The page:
NM: Well, I mean, it was important for me to tell a story about a woman's experience and for it to be an experience that anybody really could relate to when it comes to intimacy and consent. So yes, disclosures is a big part of Waking Hour. But when I was writing it, that's not what the story was necessarily about, it was more about consent and intimacy and the vulnerabilities of those topics. And so those to me feel very accessible universal themes, and I have had people share how meaningful a story like that can be for them.

CC: Yeah, and I mean, that's an extremely fascinating point because the experience of negotiating consent in a sexual or romantic exchange is pretty universal. And that's a something that, speaks to, femininity in all of its forms, but also just personhood. And, like, for example, relationships between two gay male identified folks have similar, push and pull back and forth kind of dynamics, as far as consent and boundaries and like what feels safe and what feels comfortable for people. And that's, I think, really palpable in the film itself too. It comes from a really, like, keenly observed sense of those dynamics, and whether that's from your own actual life or just from observation or like it just it translated extremely well in the shore itself.

NM: Thank you, I'm so glad. And I think that also speaks to the excellent performances from Raphael and Mandisa who played Isaac and the driver. Because, when we were preparing to shoot and on set, like I kept telling them like, this is your story too, like, this is a waking hour for everybody in the story. All three of us the next day are gonna be thinking about this.

CC: Right.

NM: And so they're grappling with issues of consent and intimacy as well, including Mandisa, right? Like she's inserted into this thing in her car. So I think it was important for me to show that, when we experience things it's rarely in isolation. It's almost always in relation to other people.

CC: And that's fascinating too, because that's a choice and I don't think that every filmmaker would have made the choice to take the camera into the front seat and show the Lyft driver who's inadvertently part of this extremely charged situation. And the choice to do that is, to me a reflection of, a cinematic voice that is constantly attuned to those relational sort of dynamics, as they touch one another's lives, you know, no matter how big or small, and that, to me honestly feels like a hallmark that calls back to the work you were describing in the beginning where it's, an awareness of interpersonal dynamics, but it's an awareness of also like larger structural forces that work.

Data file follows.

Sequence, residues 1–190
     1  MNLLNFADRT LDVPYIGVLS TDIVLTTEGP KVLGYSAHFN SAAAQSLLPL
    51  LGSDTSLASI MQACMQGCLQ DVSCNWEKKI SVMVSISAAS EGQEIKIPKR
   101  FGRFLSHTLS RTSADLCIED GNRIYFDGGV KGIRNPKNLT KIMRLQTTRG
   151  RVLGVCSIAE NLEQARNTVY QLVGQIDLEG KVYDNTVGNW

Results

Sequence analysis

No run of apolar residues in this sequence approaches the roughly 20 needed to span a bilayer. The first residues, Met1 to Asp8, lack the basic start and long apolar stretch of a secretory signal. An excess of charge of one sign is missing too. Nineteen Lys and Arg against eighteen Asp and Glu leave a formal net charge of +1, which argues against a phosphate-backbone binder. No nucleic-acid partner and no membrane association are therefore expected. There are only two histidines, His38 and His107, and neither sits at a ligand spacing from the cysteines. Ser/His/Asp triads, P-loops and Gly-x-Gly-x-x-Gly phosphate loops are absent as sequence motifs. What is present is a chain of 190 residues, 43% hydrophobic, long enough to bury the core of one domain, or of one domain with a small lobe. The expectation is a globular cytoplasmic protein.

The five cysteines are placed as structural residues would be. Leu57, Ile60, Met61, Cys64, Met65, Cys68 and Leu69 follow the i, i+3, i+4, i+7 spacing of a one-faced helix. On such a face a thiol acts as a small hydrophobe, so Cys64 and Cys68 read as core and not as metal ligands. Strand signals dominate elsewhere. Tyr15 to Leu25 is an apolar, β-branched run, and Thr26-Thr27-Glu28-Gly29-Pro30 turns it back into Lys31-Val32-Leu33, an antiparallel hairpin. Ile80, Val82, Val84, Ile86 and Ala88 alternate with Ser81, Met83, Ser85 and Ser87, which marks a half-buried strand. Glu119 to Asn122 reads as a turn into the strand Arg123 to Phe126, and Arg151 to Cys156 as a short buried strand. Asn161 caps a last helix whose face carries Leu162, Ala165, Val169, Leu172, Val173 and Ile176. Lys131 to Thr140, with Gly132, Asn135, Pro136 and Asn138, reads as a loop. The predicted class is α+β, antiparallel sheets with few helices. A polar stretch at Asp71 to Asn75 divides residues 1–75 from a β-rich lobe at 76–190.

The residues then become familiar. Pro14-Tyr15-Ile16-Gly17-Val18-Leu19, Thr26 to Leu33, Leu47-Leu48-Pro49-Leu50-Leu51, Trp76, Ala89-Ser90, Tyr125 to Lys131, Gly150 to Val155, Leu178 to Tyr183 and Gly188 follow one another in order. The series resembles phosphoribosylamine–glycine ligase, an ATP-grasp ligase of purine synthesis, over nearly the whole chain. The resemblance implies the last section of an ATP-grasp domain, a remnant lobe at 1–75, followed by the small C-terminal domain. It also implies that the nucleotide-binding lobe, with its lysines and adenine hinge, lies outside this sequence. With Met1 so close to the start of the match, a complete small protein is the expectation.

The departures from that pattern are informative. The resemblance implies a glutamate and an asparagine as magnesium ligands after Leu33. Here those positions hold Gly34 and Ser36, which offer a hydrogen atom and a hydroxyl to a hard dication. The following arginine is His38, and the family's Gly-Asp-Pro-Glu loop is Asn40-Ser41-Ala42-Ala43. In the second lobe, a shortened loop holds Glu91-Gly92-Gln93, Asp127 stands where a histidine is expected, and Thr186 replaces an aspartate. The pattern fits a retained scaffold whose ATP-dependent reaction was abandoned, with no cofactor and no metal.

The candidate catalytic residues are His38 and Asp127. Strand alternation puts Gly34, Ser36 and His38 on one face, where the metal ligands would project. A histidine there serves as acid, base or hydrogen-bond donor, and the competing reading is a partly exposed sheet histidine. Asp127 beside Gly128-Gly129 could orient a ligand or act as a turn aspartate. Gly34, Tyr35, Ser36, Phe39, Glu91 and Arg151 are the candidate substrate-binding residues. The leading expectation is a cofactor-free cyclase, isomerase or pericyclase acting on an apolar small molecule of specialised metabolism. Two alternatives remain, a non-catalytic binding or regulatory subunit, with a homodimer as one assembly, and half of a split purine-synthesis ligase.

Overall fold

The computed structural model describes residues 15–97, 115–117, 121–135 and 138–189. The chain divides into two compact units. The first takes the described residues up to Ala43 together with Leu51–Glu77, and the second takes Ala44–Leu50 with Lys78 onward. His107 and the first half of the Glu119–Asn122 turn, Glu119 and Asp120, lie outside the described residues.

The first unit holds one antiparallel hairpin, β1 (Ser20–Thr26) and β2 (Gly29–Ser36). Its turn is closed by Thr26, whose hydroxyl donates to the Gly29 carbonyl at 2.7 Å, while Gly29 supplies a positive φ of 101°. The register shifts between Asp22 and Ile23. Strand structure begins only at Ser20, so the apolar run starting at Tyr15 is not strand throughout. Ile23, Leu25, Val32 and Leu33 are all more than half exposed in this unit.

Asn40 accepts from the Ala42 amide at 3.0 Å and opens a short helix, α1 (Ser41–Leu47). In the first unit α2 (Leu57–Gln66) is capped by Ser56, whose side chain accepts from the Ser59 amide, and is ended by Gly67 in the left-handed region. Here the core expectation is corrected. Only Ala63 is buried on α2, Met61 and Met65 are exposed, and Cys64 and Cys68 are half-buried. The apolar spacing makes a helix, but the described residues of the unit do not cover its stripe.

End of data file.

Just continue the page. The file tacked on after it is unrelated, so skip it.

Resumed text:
NM: Yeah, that was a lot of the work that I did in the counseling room was how to negotiate these situations and how to communicate with people and when to intervene how to speak up and when to just get out and in safety planning, right, a lot of the frameworks from my counseling work with survivors of intimate partner violence show up in Waking Hour, because about consent and it's about intimacy and vulnerability, and safety ultimately.

CC: Totally, and the thing is, too, it's like, I think it's really worth all of us having this awareness of the fact that if we are all sort of at work to break down these larger systemic issues, we have to be conscious of the fact that sometimes most of the time, these larger oppressions are being enacted on us via the vehicle of an individual person. So people have individual responsibility within these larger systems, but also, there's both like, personal responsibility and acknowledgement of the larger factor for us, whether that be like toxic masculinity or racism or any, you know, of these larger entities.

NM: Well, thank you for that analysis.

CC: I don't know, it was making me sort of go down this like train of thought, I'm like, yeah, and actually it sparked a lot of thought for me. So I appreciate the film for doing that. One thing I mean, the biggest takeaway from me, for me personally from the film was, again, similarly to the feeling that I had from watching River Gallo's Ponyboi, which is the subject of the episode of this podcast. I found it really fascinating to have this story of a character who is being perceived as sexually desirable, within a world that frames who she is as not desirable or as the quality of desire being super unknown or like just there's no framework for analyzing desirability. And that's an experience that I found very relatable as a trans person because I think that there's a lot of misunderstanding of that in the cis world, to be completely honest.

NM: Oh yes, I think from my personal life, I think there's times where cis people, especially who maybe don't know me, or people who've known me for a long time, and haven't seen me very much in the present day are like surprised that people find me desirable.

CC: Right.

NM: And I'm just like, what is that? What is that surprise? 'Cause it's so not, I've always known, right?